Rugby League: British sides' failure adds to sense of meaninglessness for WCC

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There is a part of the world that is playing no part in the final of the Visa World Club Championship in Auckland today. Dave Hadfield looks at the ramifications of the lack of any British involvement in what was conceived as one of international rugby league's big events.

My friends in New Zealand thought it was some sort of elaborate hoax when I told them I was still coming here for the final of the World Club Championship.

"Strewth," said one, "that means there's one more person interested in it in Britain than there is here." That is a slight exaggeration, but this morning's climax of the competition has hardly set pulses racing, either in New Zealand or in Australia, the home base of the two finalists. There was not, for instance, a single word about it in either of Sydney's main daily papers - one of them Murdoch-owned - yesterday.

It would have been different in New Zealand if the Auckland Warriors had made it to the final, as they almost did in a stirring semi in Brisbane. But the thing that has fatally weakened the credibility of the competition from the start has been the failure of British teams to perform.

It is fair to say that the reputation of the British game has never been lower in the southern hemisphere. You can guarantee a good laugh in bars in Sydney or Auckland by merely mentioning the names of some our leading club sides.

The strange thing is that there has not been a commensurate rise in the standing of Super League in Australasia. We might be greatly impressed by what Brisbane, Cronulla and the rest have done to our best sides, but it cuts little ice here. Victories in the WCC are seen as cheap and meaningless and certainly not as constituting an argument for the viability of Australian Super League as a stand-alone entity.

Yet both semi-finals, although sparsely attended, were gripping contests. In addition, there is the compelling story of the Hunter Mariners, the doomed club that has somehow reached today's final, and their success comes close to finding a justification for the whole affair. If Australians love a battler, then they should have taken the Mariners to their hearts. So deep is the disillusionment running through the game, however, that their achievement remains generally unrecorded.

If the competition has been a disappointment in the southern hemisphere, it has been little short of a disaster in the north. No less a drum beater than the Rugby League's chief executive, Maurice Lindsay, has admitted that it has damaged the game's credibility in a way that will not be easy to repair.

The problem is this. We have been assured so often that the combined effect of Super League, summer rugby and full-time professionalism has raised standards behind recognition that most people believed it. Then along comes the WCC, which, to put it at its most charitable, throws that contention into severe doubt.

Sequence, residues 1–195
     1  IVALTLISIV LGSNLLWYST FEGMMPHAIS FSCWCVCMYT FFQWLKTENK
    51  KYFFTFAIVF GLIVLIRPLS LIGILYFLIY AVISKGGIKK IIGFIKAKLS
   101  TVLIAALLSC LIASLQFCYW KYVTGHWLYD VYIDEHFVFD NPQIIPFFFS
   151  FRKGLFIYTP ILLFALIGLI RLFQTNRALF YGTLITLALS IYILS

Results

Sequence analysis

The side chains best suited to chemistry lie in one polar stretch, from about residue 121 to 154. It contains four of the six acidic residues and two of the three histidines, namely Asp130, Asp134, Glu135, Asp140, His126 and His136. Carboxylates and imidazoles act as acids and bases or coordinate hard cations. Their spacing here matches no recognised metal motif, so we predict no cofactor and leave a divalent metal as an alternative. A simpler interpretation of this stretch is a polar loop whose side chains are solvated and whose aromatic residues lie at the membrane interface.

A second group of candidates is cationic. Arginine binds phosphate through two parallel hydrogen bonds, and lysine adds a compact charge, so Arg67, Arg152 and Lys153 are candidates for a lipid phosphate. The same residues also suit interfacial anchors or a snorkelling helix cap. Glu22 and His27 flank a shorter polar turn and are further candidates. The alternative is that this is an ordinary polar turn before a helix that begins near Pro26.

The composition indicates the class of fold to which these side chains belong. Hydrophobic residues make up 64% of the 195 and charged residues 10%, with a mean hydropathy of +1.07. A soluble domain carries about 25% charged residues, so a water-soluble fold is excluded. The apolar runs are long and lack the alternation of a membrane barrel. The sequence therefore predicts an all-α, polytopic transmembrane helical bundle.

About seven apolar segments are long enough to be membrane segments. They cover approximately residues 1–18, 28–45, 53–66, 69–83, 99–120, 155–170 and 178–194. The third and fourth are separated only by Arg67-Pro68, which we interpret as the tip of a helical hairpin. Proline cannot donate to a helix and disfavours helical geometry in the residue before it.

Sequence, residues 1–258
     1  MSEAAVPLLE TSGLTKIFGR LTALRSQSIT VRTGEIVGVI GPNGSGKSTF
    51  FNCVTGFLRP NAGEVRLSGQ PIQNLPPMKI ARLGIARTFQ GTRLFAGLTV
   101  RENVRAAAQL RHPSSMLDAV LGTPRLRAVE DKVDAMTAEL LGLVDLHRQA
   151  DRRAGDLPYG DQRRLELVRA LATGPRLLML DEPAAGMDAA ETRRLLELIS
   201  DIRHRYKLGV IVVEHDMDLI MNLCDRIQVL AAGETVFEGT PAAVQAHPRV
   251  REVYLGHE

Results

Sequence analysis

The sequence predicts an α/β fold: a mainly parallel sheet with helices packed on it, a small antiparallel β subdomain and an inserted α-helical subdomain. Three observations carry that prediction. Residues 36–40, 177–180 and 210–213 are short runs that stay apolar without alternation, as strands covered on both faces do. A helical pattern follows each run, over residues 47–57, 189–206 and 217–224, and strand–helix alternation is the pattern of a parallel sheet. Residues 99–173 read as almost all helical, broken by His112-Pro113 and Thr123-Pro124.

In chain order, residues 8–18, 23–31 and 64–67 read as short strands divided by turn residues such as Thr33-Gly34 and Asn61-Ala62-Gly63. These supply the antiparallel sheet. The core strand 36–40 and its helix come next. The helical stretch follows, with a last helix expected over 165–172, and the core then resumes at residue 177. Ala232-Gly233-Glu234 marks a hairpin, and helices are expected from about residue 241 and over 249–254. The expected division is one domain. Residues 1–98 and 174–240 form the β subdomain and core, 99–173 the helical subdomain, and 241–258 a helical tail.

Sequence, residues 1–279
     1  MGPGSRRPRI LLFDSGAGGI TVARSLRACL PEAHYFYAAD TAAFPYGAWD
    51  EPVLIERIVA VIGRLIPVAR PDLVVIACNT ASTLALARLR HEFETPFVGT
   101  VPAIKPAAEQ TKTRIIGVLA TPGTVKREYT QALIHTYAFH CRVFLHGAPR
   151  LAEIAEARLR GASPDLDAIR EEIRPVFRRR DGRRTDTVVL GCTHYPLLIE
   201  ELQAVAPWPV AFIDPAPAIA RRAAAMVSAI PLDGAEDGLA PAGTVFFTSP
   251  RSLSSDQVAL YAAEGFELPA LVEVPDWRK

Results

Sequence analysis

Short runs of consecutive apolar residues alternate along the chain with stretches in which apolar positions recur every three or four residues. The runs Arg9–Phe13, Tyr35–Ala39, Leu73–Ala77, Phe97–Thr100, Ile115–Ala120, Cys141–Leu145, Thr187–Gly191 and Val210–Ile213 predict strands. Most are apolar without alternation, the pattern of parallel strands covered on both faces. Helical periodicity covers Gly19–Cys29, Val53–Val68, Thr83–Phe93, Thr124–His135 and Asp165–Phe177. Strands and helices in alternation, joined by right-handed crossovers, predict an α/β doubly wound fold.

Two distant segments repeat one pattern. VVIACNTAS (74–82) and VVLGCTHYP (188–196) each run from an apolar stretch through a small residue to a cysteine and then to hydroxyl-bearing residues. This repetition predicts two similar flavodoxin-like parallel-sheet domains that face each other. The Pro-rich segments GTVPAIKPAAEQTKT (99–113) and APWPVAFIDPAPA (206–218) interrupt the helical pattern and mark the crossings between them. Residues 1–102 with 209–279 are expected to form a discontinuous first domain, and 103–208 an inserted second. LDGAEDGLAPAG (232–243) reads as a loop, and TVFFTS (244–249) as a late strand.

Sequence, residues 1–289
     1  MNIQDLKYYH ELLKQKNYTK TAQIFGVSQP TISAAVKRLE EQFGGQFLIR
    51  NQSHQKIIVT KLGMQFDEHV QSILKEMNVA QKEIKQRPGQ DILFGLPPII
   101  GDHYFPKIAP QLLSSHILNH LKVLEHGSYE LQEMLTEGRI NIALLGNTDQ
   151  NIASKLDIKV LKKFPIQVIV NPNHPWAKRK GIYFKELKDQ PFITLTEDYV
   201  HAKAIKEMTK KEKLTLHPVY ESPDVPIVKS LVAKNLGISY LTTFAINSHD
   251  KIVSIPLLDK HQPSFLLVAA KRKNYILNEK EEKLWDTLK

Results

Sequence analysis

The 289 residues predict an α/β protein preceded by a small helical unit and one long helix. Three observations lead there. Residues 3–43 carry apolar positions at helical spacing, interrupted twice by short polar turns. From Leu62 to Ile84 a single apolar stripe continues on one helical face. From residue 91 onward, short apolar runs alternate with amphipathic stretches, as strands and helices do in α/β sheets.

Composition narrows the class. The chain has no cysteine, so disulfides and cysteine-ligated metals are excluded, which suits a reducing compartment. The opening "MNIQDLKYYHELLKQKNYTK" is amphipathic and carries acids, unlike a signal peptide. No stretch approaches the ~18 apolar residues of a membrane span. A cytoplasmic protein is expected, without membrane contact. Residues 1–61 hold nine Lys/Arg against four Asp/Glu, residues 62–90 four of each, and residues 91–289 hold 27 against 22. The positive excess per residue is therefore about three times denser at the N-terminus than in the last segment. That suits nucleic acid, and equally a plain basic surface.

There are people who were happily going to domestic matches before the WCC, believing that they were seeing rugby league played to a high level, but who have stopped going, realising now that what they were seeing was entertaining but inferior.

One of the most depressing aspects of the whole business has been the way that Australian players and coaches who know better have continually parroted the party line that the game in Britain has leapt ahead. The hard evidence says otherwise and that is something that has all manner of consequences.

It was no coincidence that News Corporation began their rumblings about how their money was being spent immediately after the group stages of the WCC had drawn attention to the true state of affairs.

And now, of course, blame has to be laid. Lindsay has placed it squarely on the shoulders of British players, accusing them of not being as professional or dedicated as their Australian counterparts.

There is some truth in this. The way that too many players are full-time professionals in name only showed in the embarrassing lack of appetite and application in some matches. But who has been better placed than Lindsay over the last few years to see the warning signs and act on them?

That process has now begun, notably through Joe Lydon's recommendations, which, if followed in spirit as well as the letter, should restore some of the hunger to British domestic competition.

If standards can be raised sufficiently, there is still the germ of a good idea in the debacle of the WCC. As a top four play-off involving the best of British and the leading sides from a unified Australian competition, it would have hopes of becoming a annual highlight. In the meantime, the general indifference to events in Auckland today is the price to be paid for the British failure to meet the challenge.